Asya Geisberg Gallery is pleased to present "Razor Burn", an exhibition of paintings on stretched silk and colored pencil drawings by Katarina Riesing. This will be the artist's first New York solo exhibition. At first glance the work's infatuation with laborious detail and rich material - especially in the hand-embroidered gold thread, use of silk, or the exquisitely-rendered swirls of patterned stocking - seem inspired by a northern Renaissance luxuriance. Yet Riesing's insistence on close croppings, and sometimes awkward, unsightly (i.e. the show's title) or uncomfortably erotic aspects of the body, reveal surreptitious squirming. Even when we are turned on, we feel perhaps that we shouldn't be watching. The confrontational intimacy of such compositions is paradoxically reserved, as Riesing leaves plenty unsaid in her otherwise recognizable depictions. In a few images, hands reach out to grab a thigh or nipple, and we never know the relationship or gender - is it self-love, an erotic caress, or possessive grab?
The paintings are made with dye on silk, a surface both akin to skin and a symbol of delicacy, sensuality, and opulence. To witness its desecration with these alarmingly realistic excavations of the body's imperfections - its moles, rashes, or scars - is at once unsettling and pleasantly subversive. Riesing's drawings and paintings often have a play-within-a-play quality, where other forms of imagery are wittily in focus - tattoos of bodies, bra straps that look like a bridge, negative spaces that suggest caves or sunsets, patterns that form drawing within drawings, sheer garments that create a screen or veil. Flattening occurs often and causes spatial confusions, as when legs kick like denuded Rockettes, or collapse on each other like so many apexes.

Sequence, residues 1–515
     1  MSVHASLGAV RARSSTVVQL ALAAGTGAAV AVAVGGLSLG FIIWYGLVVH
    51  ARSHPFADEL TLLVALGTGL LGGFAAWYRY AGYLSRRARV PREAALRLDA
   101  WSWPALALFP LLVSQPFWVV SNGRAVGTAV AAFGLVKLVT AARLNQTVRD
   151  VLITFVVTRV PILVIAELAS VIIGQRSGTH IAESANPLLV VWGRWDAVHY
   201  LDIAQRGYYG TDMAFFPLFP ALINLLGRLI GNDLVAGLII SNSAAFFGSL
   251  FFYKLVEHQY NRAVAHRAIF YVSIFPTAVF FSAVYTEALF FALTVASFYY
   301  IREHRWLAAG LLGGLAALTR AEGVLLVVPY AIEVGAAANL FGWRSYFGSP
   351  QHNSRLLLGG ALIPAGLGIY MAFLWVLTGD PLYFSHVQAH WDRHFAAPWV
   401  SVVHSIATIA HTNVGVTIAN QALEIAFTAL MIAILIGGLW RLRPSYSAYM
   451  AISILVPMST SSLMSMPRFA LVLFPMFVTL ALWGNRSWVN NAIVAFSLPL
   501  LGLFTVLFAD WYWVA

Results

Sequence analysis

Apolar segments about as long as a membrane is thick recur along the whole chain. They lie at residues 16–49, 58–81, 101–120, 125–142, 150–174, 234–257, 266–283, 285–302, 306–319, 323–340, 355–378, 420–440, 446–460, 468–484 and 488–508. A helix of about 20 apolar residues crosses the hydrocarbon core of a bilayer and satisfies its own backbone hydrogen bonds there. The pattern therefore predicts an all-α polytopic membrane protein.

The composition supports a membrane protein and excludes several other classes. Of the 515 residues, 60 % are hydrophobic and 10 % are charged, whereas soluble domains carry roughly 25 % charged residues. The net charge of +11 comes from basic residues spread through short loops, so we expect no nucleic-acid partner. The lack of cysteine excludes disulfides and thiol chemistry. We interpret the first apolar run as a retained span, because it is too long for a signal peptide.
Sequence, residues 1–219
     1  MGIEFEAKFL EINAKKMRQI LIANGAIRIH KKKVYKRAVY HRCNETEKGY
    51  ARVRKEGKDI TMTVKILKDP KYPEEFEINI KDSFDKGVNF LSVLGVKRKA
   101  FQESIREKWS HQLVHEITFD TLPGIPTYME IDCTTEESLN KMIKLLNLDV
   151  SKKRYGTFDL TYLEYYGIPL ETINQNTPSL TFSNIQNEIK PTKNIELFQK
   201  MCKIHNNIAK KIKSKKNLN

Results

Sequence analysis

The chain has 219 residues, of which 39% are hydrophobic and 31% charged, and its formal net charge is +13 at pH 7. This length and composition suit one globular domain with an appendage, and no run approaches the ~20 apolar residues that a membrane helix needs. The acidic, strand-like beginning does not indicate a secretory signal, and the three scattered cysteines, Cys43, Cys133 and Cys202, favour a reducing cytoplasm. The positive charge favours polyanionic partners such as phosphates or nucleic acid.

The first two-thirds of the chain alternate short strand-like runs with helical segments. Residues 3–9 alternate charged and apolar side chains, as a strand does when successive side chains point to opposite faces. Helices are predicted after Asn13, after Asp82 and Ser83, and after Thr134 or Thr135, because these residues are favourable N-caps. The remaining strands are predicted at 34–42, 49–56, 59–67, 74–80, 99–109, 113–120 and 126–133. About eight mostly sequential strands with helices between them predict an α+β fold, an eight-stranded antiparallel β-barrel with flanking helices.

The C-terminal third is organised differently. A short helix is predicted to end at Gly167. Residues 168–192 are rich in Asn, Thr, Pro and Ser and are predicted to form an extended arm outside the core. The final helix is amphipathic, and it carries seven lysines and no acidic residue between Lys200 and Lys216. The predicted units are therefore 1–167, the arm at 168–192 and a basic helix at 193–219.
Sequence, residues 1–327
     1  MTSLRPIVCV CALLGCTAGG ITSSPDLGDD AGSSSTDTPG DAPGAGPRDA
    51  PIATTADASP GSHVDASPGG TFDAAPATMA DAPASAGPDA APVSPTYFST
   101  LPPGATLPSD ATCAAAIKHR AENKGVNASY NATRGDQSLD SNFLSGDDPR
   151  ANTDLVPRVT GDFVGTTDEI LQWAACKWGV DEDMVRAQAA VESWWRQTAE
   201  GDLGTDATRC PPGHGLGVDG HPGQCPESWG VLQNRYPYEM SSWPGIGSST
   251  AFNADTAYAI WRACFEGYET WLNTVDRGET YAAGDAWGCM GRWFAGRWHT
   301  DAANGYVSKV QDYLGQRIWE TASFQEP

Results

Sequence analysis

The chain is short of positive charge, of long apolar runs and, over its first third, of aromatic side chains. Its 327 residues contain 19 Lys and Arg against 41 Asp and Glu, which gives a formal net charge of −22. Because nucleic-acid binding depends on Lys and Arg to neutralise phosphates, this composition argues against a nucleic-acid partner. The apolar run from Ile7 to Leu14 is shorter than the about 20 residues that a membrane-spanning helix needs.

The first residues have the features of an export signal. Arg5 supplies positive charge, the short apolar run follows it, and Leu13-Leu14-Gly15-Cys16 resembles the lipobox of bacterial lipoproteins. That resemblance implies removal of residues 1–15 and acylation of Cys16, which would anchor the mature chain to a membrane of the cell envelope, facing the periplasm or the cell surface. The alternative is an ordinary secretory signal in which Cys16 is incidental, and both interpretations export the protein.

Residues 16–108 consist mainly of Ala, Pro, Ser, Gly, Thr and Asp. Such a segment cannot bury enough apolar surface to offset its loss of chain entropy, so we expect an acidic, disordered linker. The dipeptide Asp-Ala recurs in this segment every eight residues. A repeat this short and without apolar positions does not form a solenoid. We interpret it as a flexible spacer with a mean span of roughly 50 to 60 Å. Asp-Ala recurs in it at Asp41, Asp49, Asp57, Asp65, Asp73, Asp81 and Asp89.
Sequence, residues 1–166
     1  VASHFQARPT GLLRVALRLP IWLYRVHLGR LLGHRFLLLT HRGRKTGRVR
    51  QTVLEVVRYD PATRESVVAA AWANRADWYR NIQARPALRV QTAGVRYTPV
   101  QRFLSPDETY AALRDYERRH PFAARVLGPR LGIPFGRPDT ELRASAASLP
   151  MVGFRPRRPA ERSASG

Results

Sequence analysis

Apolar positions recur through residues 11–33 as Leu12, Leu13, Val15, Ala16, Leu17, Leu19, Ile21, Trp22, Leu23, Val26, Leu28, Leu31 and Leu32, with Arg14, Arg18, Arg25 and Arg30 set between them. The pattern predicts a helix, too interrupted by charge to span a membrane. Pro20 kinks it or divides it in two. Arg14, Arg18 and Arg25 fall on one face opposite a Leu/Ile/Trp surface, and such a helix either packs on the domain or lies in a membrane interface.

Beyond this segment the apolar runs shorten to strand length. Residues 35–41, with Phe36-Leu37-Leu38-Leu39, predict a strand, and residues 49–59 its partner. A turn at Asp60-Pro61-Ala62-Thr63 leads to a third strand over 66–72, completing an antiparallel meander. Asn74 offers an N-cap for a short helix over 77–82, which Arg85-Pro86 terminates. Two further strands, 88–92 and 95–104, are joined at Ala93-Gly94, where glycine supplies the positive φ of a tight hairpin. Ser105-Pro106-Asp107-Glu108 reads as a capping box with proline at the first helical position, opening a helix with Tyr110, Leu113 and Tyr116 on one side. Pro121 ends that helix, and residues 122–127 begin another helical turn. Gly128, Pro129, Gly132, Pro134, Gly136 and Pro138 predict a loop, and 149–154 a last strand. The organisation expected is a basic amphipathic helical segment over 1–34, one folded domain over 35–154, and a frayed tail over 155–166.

Riesing's drawings are quieter but no less powerfully precise or oddly bewitching than the paintings. With layers of small marks in colored pencil and ballpoint pen, they betray the same love of labor that the paintings show, with their painstaking embroidery suggesting microscopic chainmail or glinting finery. With influences as disparate as Christina Ramberg, Sarah Lucas, or Ghada Amer, and imagery from medical illustrations of skin disease, to prison tattoos, stock photography, and pantyhose labels, Riesing has reinvigorated our relationship to the body: its folds and contorsions, its bumpy topographies and filigreed coverings. Her intimate imagery burrows within our psyche, and allows us to question our own response to the body's in turn grotesque, absurd, and sensual aspects.